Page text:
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When you first hear the word landscape, what comes to mind? Do you think of mountains, hills or the general countryside? In fact, landscape is more broadly defined as "all the visible features of an area of land" which include bodies of water like rivers, lakes, ponds and the sea. In the field of photography, taking shots of these areas is referred to as waterscape photography, with subjects ranging from the ocean and rivers to waterfalls and lakes. These natural and man-made areas are simply some of the most beautiful and breathtaking places in the world. Today, we take a look at eight of them. They're places that inspire us by not only making us want to travel, which taps into our adventurous spirit, they're places that make us want to live a better, more meaningful and fulfilling life.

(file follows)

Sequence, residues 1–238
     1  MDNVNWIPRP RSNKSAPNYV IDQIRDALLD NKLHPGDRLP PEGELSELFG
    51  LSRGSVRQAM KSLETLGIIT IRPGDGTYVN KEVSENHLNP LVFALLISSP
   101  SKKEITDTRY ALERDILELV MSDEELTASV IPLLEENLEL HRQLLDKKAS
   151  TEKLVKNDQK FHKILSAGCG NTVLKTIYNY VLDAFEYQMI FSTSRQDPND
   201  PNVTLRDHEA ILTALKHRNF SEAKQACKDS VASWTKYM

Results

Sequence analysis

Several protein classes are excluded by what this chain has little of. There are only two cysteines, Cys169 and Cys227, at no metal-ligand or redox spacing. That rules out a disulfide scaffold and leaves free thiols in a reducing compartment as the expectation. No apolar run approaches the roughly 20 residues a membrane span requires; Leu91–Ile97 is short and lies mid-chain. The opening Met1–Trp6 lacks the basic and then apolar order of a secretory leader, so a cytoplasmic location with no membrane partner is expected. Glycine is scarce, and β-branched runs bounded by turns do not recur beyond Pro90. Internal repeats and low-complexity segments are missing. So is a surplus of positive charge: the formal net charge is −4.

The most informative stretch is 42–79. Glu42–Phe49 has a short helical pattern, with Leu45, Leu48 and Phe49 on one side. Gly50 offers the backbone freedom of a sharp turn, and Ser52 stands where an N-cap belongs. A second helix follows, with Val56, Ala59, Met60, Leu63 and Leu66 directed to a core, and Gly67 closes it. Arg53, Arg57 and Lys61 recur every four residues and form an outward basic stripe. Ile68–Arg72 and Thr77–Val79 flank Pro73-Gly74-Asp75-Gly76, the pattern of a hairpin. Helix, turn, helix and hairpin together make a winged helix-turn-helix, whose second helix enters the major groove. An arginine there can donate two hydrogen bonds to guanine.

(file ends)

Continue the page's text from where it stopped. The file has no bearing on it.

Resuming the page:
One of Croatia's most popular tourist destinations, Plitvice Lakes is a series of 16 lakes that are interconnected by gorgeous waterfalls which cascade down rock formations. Set deep within a UNESCO World Heritage designated national park, the lakes stunningly change colors from azure and green to gray and blue. The water is crystal-clear due to the deposits of travertine, or powdery white limestone rock, that sit underneath the water. Amazingly, the lakes are a natural phenomenon, created as shallow basins gradually filled with water. Plitvice Lakes National Park is a must-visit for the photo or nature enthusiast. Nowhere else in the world can you see such a perfect convergence of lakes, waterfalls, rivers and forest.